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Subject: RE: Uncomfy with Kickstarter appeals?
From: GUEST,JB
Date: 23 Mar 16 - 06:16 PM

We all have to live Anne, and I have exactly the same expenses as you list. All the band chipped in a bit to pay for the studio time when we did our first CD, we're now on our fourth and it's self funding. We did a 'launch' at our local theatre, and sold 150 copies at that gig at £10.00 each. Plus our share of the box office take, it was a most worthwhile excersise and there's money in the kitty for the next one.

I've had some friends recently use crowd funding to pay for a first recording, with a target of £5,000.00 which was reached. The CD is being recorded by a mobile engineer in a front room, bearing in mind the actual costs I've posted above, it begs the question as to what they are actually spending the money on!

I've always been a little suspicious of crowdfunding what for most of us is mainly a hobby rather than a main source of income. There are any number of hobbies that people spend an absolute fortune on, how successful, for instance would an attempt to crowdfund buying a horse, or building a model aircraft?


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Subject: RE: Uncomfy with Kickstarter appeals?
From: meself
Date: 23 Mar 16 - 06:19 PM

Not quite a valid comparison - unless you promise a ride on your horse or a turn at flying your model aircraft!


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Subject: RE: Uncomfy with Kickstarter appeals?
From: Joe Offer
Date: 24 Mar 16 - 01:59 AM

If somebody like Anne Lister or Deb Cowan does crowdfunding for a CD, I'll contribute willingly. I know they're going to do an excellent job on the project, and that I will be proud to have contributed to their work.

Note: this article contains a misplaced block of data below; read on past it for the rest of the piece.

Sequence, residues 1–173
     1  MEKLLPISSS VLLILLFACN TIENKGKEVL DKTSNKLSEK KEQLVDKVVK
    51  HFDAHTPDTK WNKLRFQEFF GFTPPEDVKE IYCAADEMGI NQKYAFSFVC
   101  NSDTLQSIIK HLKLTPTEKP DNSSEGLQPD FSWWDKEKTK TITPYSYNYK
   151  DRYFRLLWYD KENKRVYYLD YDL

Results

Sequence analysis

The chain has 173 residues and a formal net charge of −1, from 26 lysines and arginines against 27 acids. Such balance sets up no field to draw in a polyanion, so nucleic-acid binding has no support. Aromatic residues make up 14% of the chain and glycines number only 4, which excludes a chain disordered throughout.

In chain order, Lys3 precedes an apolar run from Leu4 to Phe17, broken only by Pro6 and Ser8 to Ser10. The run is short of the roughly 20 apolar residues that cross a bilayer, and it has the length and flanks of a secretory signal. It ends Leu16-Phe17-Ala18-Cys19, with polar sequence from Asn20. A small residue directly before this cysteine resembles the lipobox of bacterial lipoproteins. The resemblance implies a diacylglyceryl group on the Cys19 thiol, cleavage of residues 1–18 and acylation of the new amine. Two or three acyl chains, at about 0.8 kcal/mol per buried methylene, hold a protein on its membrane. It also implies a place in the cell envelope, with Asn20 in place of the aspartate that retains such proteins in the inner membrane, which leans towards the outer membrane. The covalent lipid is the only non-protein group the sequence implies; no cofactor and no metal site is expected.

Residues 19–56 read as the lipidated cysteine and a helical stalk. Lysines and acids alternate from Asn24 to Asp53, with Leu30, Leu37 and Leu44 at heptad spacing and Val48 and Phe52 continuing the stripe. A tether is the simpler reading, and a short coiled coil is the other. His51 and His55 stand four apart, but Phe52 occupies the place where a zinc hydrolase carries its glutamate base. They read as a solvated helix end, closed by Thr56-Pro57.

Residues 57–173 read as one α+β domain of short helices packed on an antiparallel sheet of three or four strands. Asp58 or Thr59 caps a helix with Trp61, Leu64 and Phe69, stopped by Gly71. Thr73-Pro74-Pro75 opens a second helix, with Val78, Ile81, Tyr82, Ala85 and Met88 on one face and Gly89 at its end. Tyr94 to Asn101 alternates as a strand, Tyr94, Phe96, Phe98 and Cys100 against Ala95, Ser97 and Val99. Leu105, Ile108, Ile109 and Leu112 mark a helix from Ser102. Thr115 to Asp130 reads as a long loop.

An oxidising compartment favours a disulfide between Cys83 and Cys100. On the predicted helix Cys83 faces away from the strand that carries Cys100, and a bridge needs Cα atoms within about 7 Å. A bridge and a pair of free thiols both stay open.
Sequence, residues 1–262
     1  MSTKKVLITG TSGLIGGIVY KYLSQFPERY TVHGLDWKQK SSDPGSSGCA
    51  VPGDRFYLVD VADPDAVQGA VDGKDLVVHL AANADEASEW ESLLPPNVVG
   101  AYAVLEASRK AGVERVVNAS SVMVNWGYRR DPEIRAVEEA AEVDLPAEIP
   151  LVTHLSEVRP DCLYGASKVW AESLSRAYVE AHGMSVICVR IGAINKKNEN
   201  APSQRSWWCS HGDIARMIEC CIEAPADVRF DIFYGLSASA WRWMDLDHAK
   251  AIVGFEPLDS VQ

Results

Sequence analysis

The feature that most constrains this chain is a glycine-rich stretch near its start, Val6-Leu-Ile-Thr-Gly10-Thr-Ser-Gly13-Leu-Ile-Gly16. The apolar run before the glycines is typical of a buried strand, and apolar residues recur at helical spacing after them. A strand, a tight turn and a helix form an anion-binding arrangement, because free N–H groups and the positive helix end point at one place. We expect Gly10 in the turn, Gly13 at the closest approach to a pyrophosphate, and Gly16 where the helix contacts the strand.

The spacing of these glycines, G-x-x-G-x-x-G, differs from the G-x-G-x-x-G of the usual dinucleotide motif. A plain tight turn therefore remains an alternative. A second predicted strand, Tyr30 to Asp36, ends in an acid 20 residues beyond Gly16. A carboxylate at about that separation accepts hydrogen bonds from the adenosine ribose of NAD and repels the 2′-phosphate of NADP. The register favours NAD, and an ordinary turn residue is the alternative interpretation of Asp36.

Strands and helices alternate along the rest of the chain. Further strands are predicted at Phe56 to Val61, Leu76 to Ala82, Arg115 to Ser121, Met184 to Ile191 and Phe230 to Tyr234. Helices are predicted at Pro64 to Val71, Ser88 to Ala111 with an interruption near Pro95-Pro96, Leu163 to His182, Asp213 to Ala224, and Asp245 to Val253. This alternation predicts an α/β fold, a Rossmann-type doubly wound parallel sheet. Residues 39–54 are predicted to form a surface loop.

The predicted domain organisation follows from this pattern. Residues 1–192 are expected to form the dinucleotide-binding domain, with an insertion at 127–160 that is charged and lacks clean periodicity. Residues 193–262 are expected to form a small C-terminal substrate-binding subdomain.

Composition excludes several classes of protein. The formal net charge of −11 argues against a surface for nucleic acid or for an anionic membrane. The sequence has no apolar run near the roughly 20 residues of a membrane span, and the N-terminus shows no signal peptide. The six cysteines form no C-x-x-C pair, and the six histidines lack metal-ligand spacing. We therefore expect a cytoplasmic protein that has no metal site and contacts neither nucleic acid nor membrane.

But there are other people I'm not so sure of, and I might contribute mostly because I don't want them to feel bad.

So, I dunno.

-Joe-


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Subject: RE: Uncomfy with Kickstarter appeals?
From: DebC
Date: 24 Mar 16 - 01:33 PM

Just saw this thread and thanks for the kind words, Joe O. I decided to crowdfund my third CD back in early 2007 before Kickstarter or any of those came into existence. If they were in existence, I didn't know about them. I won't get into the opinions of the economics of making recordings but FOR ME and at that point in my career, I knew I wanted to use a producer and I also knew that would cost a lot of money that I didn't have at the ready.

Anne pretty much said it all and I do understand Steve's (the OP) point.

About promotion: I didn't have the budget for a huge promo campaign with that third album and I was very fortunate in that my producer, Dave Mattacks was as proud of that recording as I was and called in 40 years of favours to help with promo, mostly in the UK and it really helped.

Not sure how I'll finance my next recording. DM and I want to do another together and maybe I'll do another crowdfunding appeal.

Thanks for the discussion, all.

Deb Cowan


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Subject: RE: Uncomfy with Kickstarter appeals?
From: GUEST,Howard Jones
Date: 24 Mar 16 - 02:44 PM

I think only in the folk world would it be seen as a virtue to put out a CD which doesn't aim to achieve the best possible sound quality.

It is possible to make a CD fairly cheaply, and if the engineer knows what they are doing it can still sound pretty good. However you will make a better one if you are prepared to devote more time and money, for example by recording each instrument separately.